Four pediatric grad students head to med school

Tamara Vineberg - 31 August 2020

Peter Anto Johnson says his graduate experience in the department helped him obtain and disseminate knowledge, which will be fundamental when he becomes a physician.

Peter Anto Johnson will enter medical school at the University of Alberta this fall. He’s confident the skills from his graduate studies in pediatrics have laid a strong foundation as he continues his education. In addition to improving his research skills, Johnson’s master's degree taught him to manage time, solve problems and think critically.

It’s not often that four pediatric learners get a master’s before starting a medical degree in the same year. Ronan Noble and Aaron van der Leek will join Johnson at the U of A's medical school, while Emily Zehnder is headed the University of Calgary.

“It just so happened these four students came in at the same time and they all finished at the same time. Their ambitions overlapped in the sense they all wanted to go to medical school,” says Sujata Persad, associate professor and program director for graduate education.

Johnson admits that medical school was always his goal, but he found the admissions process very competitive. Although not required for admission, he decided to enter into graduate school in order to gain the relevant skills and experience for medical school. “I chose grad studies because I was interested in doing clinical research and potentially teaching in the future. Grad studies would also give me an opportunity to work with clinician-scientists and other research trainees, give me an exposure to pediatrics, all while building a good track record in academia and making a difference through systemic changes that could be brought about by research,” he says.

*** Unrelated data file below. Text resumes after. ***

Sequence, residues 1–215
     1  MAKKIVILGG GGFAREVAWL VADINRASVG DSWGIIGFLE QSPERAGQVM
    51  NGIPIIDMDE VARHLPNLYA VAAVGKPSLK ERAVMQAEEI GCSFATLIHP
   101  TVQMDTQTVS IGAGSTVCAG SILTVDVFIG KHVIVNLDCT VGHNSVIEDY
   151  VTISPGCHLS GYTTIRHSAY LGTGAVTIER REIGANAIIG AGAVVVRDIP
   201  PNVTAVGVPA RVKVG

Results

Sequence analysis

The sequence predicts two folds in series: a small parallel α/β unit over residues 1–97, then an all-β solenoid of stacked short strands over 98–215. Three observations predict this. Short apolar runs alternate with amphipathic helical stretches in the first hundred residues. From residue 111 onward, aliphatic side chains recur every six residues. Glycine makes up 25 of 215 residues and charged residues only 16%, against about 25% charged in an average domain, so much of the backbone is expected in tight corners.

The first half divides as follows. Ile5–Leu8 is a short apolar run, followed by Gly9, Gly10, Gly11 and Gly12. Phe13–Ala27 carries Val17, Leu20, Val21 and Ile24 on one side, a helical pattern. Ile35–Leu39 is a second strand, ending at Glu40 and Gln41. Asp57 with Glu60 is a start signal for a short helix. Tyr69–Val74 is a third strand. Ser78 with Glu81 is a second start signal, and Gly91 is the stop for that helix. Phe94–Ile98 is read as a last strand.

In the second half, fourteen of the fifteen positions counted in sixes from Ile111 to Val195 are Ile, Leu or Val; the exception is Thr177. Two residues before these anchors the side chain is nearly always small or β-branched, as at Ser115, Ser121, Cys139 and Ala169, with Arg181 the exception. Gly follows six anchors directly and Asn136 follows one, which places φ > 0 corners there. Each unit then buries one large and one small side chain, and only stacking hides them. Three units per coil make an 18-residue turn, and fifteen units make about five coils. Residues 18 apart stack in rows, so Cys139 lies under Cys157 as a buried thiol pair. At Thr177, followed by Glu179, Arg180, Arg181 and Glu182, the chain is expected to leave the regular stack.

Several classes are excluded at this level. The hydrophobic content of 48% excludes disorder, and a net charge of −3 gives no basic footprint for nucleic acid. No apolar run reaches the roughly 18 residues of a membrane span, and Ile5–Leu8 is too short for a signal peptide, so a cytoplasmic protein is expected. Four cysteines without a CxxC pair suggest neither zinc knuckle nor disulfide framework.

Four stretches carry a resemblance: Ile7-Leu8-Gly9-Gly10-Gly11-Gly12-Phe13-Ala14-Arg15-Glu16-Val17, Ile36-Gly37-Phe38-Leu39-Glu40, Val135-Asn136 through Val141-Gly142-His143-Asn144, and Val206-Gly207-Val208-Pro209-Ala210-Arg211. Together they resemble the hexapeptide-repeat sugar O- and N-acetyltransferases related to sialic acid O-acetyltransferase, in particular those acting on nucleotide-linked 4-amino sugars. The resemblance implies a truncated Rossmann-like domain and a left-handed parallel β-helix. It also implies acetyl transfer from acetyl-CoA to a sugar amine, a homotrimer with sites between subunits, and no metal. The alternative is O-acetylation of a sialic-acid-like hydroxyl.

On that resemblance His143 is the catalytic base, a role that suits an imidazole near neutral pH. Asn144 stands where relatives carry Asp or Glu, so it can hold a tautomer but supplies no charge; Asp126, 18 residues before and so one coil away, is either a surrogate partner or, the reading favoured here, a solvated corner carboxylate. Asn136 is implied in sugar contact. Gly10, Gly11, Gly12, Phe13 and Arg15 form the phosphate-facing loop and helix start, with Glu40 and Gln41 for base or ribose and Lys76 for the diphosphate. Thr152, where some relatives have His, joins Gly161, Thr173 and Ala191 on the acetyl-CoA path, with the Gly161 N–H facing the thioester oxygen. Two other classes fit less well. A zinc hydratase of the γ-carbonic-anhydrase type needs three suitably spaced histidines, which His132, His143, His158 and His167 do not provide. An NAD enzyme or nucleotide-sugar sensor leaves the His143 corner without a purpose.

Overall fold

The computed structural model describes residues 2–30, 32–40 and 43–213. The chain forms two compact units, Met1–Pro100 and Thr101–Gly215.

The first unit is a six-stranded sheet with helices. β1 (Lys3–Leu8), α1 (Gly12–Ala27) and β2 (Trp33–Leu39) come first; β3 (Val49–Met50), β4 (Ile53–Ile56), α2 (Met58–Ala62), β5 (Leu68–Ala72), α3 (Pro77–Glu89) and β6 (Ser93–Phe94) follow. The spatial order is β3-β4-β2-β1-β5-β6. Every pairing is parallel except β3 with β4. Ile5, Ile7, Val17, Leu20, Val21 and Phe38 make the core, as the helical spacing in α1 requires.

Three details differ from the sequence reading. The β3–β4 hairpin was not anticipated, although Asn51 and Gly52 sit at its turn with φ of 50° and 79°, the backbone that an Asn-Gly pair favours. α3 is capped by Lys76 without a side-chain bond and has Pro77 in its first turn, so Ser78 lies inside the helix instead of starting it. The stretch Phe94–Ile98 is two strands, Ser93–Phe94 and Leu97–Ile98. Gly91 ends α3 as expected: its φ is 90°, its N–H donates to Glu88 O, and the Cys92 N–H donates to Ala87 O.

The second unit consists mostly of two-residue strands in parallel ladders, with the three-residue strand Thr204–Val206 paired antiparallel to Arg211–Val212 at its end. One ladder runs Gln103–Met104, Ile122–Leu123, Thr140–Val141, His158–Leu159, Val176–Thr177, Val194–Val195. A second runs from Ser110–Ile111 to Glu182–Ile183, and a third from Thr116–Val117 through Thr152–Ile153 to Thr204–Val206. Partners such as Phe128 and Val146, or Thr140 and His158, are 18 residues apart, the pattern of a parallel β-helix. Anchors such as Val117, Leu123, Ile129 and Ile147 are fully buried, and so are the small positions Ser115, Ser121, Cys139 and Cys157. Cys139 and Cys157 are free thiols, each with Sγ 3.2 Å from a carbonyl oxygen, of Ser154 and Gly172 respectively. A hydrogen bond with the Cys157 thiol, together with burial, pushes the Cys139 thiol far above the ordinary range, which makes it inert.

His desire to work in the medical field was sparked by a life-altering experience as an infant. He was diagnosed with intussusception, a condition that twists and clogs the intestines, and the care of medical personnel inspired him to work in medicine and research. Johnson was further influenced by his supervisor, Georg Schmӧlzer, associate professor in the Division of Neonatal-Perinatal Care. Schmӧlzer taught him the importance of keeping up to date with research. “I think research is such a valuable resource. It's a critical part of medicine itself. I think my graduate experience is something that's really fundamental for when I become a doctor because it really taught me how to obtain and to disseminate my knowledge,” says Johnson.

During graduate school, Johnson juggled a heavy flow of research, attending conferences and publishing papers. He was also involved in the Pediatric Graduate Students Association. Yet he expects medical school to be a challenge. “As a grad student, I was able to have both preclinical and clinical experience but I wasn’t directly involved in patient care. I think medical school will challenge me by dealing with patients and getting familiar with the whole process of actually being a doctor.”

Johnson also hopes that medical school will further develop his communication, professional and leadership skills. He says that his peers come from diverse backgrounds and disciplines, which will give him an opportunity to learn from their experiences. Johnson doesn’t have a definite answer to where his career will take him but he knows he will implement what he’s learned from his master’s and medical degrees. "As a future healthcare professional, I anticipate to translate my experience to high quality, evidence-based practice. I also hope to take leadership to streamline and mobilize systemic changes through my research."